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Health Serv Res. 1996 December; 31(5): 517–532.
PMCID: PMC1070139

"Medical effectiveness" in Canadian and U.S. health policy: the comparative politics of inferential ambiguity.

Abstract

OBJECTIVE: To compare Canadian and U.S. policymaking to determine how different health care systems may use health services research differently in responding to the common problem of ineffective medical care. DATA SOURCES/STUDY DESIGN/DATA COLLECTION: Not applicable. PRINCIPAL FINDINGS: The United States and Canada are making surprisingly divergent responses to the problem of medical ineffectiveness: reinforcement of the solidarity principle and deprivatization in Canada, and reinforcement of market competition and privatization in the United States. In doing so, Canadian policymakers overstate the societal applicability and U.S. policymakers the individual applicability of outcomes research findings. CONCLUSIONS: Probabilistic findings of medical effectiveness are fundamentally ambiguous as they relate to action. They therefore invite divergent policy responses from different policy regimes. Health services researchers must not imagine that research findings are sufficient to determine the course of health policy.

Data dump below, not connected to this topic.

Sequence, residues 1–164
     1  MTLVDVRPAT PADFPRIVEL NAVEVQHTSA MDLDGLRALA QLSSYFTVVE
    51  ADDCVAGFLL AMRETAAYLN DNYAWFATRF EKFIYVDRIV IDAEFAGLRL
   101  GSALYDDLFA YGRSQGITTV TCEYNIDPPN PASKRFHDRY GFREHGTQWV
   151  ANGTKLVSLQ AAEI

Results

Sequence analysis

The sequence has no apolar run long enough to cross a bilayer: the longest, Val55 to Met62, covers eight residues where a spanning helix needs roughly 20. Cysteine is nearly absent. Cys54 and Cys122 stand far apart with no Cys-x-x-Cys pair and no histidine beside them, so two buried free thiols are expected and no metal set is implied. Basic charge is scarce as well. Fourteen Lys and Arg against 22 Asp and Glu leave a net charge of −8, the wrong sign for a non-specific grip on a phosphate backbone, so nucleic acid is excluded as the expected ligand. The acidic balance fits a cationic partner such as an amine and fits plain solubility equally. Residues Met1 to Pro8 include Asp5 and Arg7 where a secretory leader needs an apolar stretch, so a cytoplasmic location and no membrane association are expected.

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Selected References

These references are in PubMed. This may not be the complete list of references from this article.
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Articles from Health Services Research are provided here courtesy of Health Research & Educational Trust